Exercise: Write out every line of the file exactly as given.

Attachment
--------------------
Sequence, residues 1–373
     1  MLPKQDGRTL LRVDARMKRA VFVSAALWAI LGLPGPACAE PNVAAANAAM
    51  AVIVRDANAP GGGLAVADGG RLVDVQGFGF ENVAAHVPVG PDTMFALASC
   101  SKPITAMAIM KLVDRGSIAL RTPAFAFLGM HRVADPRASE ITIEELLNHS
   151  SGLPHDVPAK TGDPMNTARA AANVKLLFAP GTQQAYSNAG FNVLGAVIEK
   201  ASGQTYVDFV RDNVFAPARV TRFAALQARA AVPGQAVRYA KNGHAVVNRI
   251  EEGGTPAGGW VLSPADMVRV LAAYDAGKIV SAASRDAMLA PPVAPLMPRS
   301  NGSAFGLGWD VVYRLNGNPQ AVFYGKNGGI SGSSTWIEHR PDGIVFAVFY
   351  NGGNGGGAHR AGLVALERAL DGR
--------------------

Sequence, residues 1–373
     1  MLPKQDGRTL LRVDARMKRA VFVSAALWAI LGLPGPACAE PNVAAANAAM
    51  AVIVRDANAP GGGLAVADGG RLVDVQGFGF ENVAAHVPVG PDTMFALASC
   101  SKPITAMAIM KLVDRGSIAL RTPAFAFLGM HRVADPRASE ITIEELLNHS
   151  SGLPHDVPAK TGDPMNTARA AANVKLLFAP GTQQAYSNAG FNVLGAVIEK
   201  ASGQTYVDFV RDNVFAPARV TRFAALQARA AVPGQAVRYA KNGHAVVNRI
   251  EEGGTPAGGW VLSPADMVRV LAAYDAGKIV SAASRDAMLA PPVAPLMPRS
   301  NGSAFGLGWD VVYRLNGNPQ AVFYGKNGGI SGSSTWIEHR PDGIVFAVFY
   351  NGGNGGGAHR AGLVALERAL DGR